"The fourth pillar of the new foundation is a 21st century health care system where families, businesses, and government budgets aren't dragged down by skyrocketing insurance premiums" President Obama said in his Georgetown U. speech. "Fixing our health care system will certainly require resources, but in my budget, we've made a commitment to fully pay for reform without increasing the deficit, and we've identified specific savings that will make the health care system more efficient and reduce costs for us all."
Universal health care is necessary not just for individuals but for companies, large and small, swamped by the cost of health insurance. To help the budgets of individuals, families and businesses, health care will free money for other purposes in both the short and long terms, and therefore is a critical part of economic recovery and restructuring. But President Obama made one other point, that isn't usually noticed.
At first he seemed to be moving on from the pillar of health care to the pillar of reducing the federal deficit. But after explaining the need to deal with the long term government deficit and how his administration is attacking this problem (more on that in a post to follow), he spoke about the need to reform entitlements like Medicare and Social Security in order to forestall greater deficits, and to meet this goal, "Nothing will be more important to this goal than passing health care reform that brings down costs across the system, including in Medicare and Medicaid. Make no mistake: health care reform is entitlement reform. That's not just my opinion – that was the conclusion of a wide range of participants at the Fiscal Responsibility Summit we held at the White House in February, and that's one of the reasons why I firmly believe we need to get health care reform done this year."

Friday, April 17, 2009

Pillar of the Future: Energy

"The third pillar of this new foundation is to harness the renewable energy that can create millions of new jobs and new industries," said President Obama in his speech at Georgetown. This is crucial to our future for many reasons: to save scarce resources and reduce pollution, environmental destruction and waste; to end dependence on foreign oil and foreign wars for oil; to reduce global heating and head off a history-ending Climate Crisis. To name a few.

But at Georgetown, President Obama concentrated on American competitiveness in the world: renewable, sustainable and clean energy is the technology of today, the crucial need of the world's future, and therefore America's best opportunity to do what it has traditionally done best: invent, innovate and build new industries for customers around the world.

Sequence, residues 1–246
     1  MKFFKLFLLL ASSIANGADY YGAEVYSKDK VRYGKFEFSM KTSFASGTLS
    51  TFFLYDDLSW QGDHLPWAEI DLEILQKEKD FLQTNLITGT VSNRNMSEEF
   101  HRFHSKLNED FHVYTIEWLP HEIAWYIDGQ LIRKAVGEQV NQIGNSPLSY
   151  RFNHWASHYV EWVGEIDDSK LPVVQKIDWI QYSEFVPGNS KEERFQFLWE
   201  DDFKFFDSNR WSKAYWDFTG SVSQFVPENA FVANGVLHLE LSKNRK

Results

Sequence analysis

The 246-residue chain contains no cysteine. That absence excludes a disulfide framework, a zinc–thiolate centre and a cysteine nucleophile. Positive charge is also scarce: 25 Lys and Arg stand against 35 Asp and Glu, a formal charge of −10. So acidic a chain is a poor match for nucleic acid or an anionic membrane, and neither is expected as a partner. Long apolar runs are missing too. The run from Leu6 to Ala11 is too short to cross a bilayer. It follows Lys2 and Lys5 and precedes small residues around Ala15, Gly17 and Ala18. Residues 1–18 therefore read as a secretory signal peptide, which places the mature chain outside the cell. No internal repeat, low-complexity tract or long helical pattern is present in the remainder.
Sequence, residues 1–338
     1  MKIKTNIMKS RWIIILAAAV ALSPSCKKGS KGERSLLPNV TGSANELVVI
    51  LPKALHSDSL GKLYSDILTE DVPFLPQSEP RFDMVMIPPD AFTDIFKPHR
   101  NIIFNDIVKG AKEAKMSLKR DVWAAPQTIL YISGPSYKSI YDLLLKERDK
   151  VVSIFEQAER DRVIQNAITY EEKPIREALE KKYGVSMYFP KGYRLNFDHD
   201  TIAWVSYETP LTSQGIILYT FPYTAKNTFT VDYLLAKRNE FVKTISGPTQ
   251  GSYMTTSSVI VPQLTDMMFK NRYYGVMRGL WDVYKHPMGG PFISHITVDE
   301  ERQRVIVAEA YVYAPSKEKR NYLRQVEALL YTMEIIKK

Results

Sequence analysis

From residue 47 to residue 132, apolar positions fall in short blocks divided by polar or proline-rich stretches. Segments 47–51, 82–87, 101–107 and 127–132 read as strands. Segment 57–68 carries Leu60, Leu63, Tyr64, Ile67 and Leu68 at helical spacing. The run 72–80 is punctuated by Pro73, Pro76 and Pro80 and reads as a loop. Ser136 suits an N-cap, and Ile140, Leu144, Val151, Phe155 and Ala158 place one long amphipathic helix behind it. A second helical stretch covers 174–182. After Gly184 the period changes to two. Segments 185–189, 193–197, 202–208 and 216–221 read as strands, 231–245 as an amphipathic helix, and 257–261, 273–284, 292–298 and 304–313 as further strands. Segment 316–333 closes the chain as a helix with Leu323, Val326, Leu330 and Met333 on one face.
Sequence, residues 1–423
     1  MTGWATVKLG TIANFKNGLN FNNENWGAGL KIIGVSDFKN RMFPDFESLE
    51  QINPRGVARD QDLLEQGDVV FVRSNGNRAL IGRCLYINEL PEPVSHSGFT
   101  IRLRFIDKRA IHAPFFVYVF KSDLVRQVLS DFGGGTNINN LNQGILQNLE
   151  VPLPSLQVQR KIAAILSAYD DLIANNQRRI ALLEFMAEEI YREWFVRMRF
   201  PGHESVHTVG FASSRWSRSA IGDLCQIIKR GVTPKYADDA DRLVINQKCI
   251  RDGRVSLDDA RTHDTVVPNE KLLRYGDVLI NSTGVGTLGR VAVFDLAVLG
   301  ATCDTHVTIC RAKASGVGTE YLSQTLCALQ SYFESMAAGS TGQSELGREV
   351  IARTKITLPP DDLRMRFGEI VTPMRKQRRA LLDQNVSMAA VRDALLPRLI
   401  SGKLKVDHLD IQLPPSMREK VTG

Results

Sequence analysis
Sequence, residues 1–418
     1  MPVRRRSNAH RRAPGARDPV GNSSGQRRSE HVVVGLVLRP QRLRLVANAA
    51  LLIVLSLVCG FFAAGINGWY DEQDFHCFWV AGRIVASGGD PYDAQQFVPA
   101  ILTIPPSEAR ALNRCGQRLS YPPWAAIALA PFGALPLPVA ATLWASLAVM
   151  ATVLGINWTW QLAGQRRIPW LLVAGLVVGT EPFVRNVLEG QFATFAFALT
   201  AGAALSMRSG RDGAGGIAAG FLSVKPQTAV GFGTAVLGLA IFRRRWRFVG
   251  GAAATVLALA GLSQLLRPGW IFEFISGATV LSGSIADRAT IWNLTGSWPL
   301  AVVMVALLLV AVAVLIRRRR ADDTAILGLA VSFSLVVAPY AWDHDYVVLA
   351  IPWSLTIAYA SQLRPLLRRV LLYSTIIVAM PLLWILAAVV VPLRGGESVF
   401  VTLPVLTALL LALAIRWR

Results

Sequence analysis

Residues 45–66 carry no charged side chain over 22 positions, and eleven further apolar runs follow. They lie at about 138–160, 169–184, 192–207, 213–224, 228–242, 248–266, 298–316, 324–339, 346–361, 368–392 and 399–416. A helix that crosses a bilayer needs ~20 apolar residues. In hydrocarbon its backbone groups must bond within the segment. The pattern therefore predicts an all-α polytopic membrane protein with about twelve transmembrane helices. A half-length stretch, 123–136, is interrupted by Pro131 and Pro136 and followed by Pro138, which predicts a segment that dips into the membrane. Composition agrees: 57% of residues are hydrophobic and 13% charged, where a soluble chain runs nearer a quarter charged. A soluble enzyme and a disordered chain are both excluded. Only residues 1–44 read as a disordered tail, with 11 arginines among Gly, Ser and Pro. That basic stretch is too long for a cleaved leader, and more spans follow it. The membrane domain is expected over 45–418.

"We all know that the country that harnesses this energy will lead the 21st century," the President said. "Yet we have allowed other countries to outpace us on this race to the future. Well, I do not accept a future where the jobs and industries of tomorrow take root beyond our borders. It is time for America to lead again.

The investments we made in the Recovery Act will double this nation's supply of renewable energy in the next three years. And we are putting Americans to work making our homes and buildings more efficient so that we can save billions on our energy bills and grow our economy at the same time."

Science will invent, entrepreneurs will innovate and industries will spring up not only because there is a need, but because there is demand--and for demand to grow fast enough, the price of clean energy must be competitive. It's getting there now, but President Obama wants to give it a nudge--while reducing the greenhouse gases that are causing the growing Climate Crisis.

This is a simple formula, but it is daring to propose it. But for those who say fighting greenhouse gases pollution through carbon cap-and-trade should be left to another day when the economy is fixed, President Obama says doing it now is necessary to fixing the economy, both in terms of immediate economic activity and in his overall plan to build the foundation for a strong economy for the foreseeable future. Read what he said carefully:

"But the only way to truly spark this transformation is through a gradual, market-based cap on carbon pollution, so that clean energy is the profitable kind of energy. Some have argued that we shouldn't attempt such a transition until the economy recovers, and they are right that we have to take the costs of transition into account. But we can no longer delay putting a framework for a clean energy economy in place. If businesses and entrepreneurs know today that we are closing this carbon pollution loophole, they will start investing in clean energy now. And pretty soon, we'll see more companies constructing solar panels, and workers building wind turbines, and car companies manufacturing fuel-efficient cars. Investors will put some money into a new energy technology, and a small business will open to start selling it. That's how we can grow this economy, enhance our security, and protect our planet at the same time."

Other efforts along these lines are building a smart and secure electrical grid--another area where other countries are moving ahead--and Thursday's announcement of a plan for a new, smart high-speed rail network.

Thursday, April 16, 2009

Go Ask Alice

Something to ponder in view of Wednesday GOP "tea parties" and the Rabid Right in general. For Alice's adventures at one, try companion blog American Dash here.

Pillar of the Future: Education

In his Georgetown speech, President Obama's first pillar in the foundation of the future is to reform the outdated rules and regulations that allowed this crisis to happen in the first place. The fifth pillar is long-term deficit reduction, to be done not by wishful thinking or crazy proposals, but by getting together to confront the hard problems and craft solutions. But that is a task that virtually all responsible economists agree needs to wait until the government has dealt with the Great Recession we're in right now. Both of these sober and sensible approaches belie the kind of infantile analysis the Rabid Right is indulging in, as evidenced by the "tea-bag" protests on April 15.